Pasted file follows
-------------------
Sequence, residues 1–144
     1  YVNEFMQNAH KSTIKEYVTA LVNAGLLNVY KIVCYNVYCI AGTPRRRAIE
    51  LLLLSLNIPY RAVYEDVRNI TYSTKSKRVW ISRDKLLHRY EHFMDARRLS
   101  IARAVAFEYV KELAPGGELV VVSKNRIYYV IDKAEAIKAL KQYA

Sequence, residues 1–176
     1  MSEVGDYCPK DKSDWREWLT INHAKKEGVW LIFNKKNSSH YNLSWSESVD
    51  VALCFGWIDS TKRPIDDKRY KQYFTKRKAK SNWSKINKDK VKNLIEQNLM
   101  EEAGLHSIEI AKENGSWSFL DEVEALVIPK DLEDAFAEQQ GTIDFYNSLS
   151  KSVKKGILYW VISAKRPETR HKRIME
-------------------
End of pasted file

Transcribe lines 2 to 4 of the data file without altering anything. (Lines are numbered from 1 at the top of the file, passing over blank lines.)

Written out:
     1  YVNEFMQNAH KSTIKEYVTA LVNAGLLNVY KIVCYNVYCI AGTPRRRAIE
    51  LLLLSLNIPY RAVYEDVRNI TYSTKSKRVW ISRDKLLHRY EHFMDARRLS
   101  IARAVAFEYV KELAPGGELV VVSKNRIYYV IDKAEAIKAL KQYA